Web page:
Some old songs received new treatment. That Great Love Sound and Attack of the Ghosts Riders were okay but personally I didn't need them. Mostly it all washes over you in cosy Freudian wombness. To my ears the new album is much more like the live experience than previous albums have been. It can be a risky approach but I think it comes off. Of course there are some things which can't be done in the same way on record, such as the subterranean rumblings through the floor. Very good vibrations and I could have done with a lot more of those. No, thanks for the sarcasm, I'm not going to go and stand next to construction machinery, it isn't 'just as good'.
Left:- Sharin, ghostly... I need a new camera!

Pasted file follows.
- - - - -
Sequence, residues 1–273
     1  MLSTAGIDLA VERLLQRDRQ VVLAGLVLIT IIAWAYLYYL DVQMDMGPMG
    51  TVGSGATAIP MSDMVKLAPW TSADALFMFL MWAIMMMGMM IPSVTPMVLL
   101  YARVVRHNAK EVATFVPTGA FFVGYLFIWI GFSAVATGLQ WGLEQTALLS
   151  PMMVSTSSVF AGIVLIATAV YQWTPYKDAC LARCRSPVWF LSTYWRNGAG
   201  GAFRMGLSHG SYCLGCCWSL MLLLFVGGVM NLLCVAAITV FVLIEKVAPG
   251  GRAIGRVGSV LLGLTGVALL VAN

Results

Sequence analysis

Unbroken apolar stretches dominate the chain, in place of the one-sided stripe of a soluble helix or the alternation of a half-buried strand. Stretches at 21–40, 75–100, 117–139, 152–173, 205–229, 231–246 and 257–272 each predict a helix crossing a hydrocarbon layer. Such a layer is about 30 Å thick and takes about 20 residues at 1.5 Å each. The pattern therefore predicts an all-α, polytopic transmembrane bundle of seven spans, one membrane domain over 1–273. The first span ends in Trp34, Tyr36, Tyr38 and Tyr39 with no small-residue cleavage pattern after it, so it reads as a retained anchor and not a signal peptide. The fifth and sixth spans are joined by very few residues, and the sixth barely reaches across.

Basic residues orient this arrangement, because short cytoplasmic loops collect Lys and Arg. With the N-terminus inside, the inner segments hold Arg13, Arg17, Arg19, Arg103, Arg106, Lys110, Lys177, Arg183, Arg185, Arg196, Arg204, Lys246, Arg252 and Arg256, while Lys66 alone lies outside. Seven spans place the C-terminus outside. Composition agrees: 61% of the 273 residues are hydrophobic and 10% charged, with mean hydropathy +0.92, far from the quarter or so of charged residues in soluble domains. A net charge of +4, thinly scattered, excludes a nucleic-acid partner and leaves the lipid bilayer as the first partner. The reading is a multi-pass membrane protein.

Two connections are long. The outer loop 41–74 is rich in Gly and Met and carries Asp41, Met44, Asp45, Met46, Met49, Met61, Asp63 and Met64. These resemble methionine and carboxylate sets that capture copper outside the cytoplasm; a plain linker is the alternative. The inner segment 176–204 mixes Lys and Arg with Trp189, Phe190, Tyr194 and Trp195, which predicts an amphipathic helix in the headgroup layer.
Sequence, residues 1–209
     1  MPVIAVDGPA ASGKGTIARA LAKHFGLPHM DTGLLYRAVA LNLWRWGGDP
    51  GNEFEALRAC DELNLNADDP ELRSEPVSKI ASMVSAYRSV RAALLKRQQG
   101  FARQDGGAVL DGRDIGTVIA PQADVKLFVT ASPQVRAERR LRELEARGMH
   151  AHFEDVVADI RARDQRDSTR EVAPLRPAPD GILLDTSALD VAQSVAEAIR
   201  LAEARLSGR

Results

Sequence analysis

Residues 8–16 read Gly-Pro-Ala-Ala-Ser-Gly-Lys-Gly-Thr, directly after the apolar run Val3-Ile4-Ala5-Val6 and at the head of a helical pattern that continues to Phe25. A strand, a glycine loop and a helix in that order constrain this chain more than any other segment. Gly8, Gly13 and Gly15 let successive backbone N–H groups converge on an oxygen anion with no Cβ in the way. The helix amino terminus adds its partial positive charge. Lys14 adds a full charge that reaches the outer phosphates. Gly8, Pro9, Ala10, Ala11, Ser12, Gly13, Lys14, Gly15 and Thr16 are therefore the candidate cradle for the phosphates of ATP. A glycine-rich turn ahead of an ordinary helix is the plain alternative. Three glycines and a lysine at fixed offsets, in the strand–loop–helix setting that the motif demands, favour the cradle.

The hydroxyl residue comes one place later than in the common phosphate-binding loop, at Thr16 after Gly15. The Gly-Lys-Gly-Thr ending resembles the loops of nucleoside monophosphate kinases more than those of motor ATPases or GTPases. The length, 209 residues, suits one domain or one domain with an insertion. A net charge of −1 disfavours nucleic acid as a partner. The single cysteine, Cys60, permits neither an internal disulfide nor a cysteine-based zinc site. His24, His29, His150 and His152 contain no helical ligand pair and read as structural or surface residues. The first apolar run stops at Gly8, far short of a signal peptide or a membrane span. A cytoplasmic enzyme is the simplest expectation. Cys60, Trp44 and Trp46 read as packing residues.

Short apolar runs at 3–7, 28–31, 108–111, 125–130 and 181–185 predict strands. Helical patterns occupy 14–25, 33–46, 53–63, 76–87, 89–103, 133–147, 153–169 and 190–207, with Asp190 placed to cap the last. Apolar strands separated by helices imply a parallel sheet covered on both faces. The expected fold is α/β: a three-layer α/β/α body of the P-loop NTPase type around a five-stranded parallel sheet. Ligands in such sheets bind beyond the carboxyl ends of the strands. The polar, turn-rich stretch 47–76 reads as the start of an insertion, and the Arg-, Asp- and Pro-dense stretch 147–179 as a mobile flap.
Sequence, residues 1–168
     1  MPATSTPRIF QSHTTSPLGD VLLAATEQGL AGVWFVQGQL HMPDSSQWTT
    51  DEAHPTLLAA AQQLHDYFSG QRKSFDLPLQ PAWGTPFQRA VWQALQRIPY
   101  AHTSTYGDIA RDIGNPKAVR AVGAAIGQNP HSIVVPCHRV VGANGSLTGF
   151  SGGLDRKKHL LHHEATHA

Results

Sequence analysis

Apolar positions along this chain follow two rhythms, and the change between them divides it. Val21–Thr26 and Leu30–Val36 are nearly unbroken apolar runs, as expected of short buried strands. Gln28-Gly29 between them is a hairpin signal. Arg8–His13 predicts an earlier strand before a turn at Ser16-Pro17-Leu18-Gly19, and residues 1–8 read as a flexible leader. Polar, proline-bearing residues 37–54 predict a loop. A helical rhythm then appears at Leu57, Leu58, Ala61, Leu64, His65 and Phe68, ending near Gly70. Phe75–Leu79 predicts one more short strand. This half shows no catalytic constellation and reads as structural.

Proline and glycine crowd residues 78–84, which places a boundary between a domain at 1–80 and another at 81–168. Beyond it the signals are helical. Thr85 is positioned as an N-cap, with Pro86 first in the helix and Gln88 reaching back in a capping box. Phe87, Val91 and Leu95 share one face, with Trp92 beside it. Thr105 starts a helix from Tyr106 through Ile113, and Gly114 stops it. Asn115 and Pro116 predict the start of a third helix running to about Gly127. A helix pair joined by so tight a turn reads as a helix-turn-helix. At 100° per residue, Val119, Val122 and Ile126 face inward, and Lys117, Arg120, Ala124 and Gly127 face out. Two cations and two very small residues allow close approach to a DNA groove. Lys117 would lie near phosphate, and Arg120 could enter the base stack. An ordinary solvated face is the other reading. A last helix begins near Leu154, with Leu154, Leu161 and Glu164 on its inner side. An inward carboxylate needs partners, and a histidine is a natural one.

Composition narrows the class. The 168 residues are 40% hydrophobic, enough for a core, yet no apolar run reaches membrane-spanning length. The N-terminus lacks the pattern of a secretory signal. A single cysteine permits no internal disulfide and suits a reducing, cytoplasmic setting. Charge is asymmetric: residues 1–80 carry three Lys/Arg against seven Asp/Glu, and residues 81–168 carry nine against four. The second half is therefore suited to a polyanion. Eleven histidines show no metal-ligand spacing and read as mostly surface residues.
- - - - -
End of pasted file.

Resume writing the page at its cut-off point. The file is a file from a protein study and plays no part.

The truth is I enjoyed this as much as any of their shows, and that's mainly down to the sound and the new material. While the masochistic side of me misses the physical pain inflicted by some past shows, to be fair the sound tonight was well balanced, maintaining detail of vocals and music in the middle of the mass of noise. And I really like the new songs. I suppose one could say The Raveonettes have drifted (a little bit!) towards the rock mainstream, and the musical sensibility is less hampered by slavish sixtiesness, but for me where they are at the moment is perfect. I suppose what I'm saying is that you no longer feel like you're not getting it if you're not actually into the authentic retro stuff. There are some songs which are still very much of that world, but the biggest pleasure for me is the here and now feel of the rest.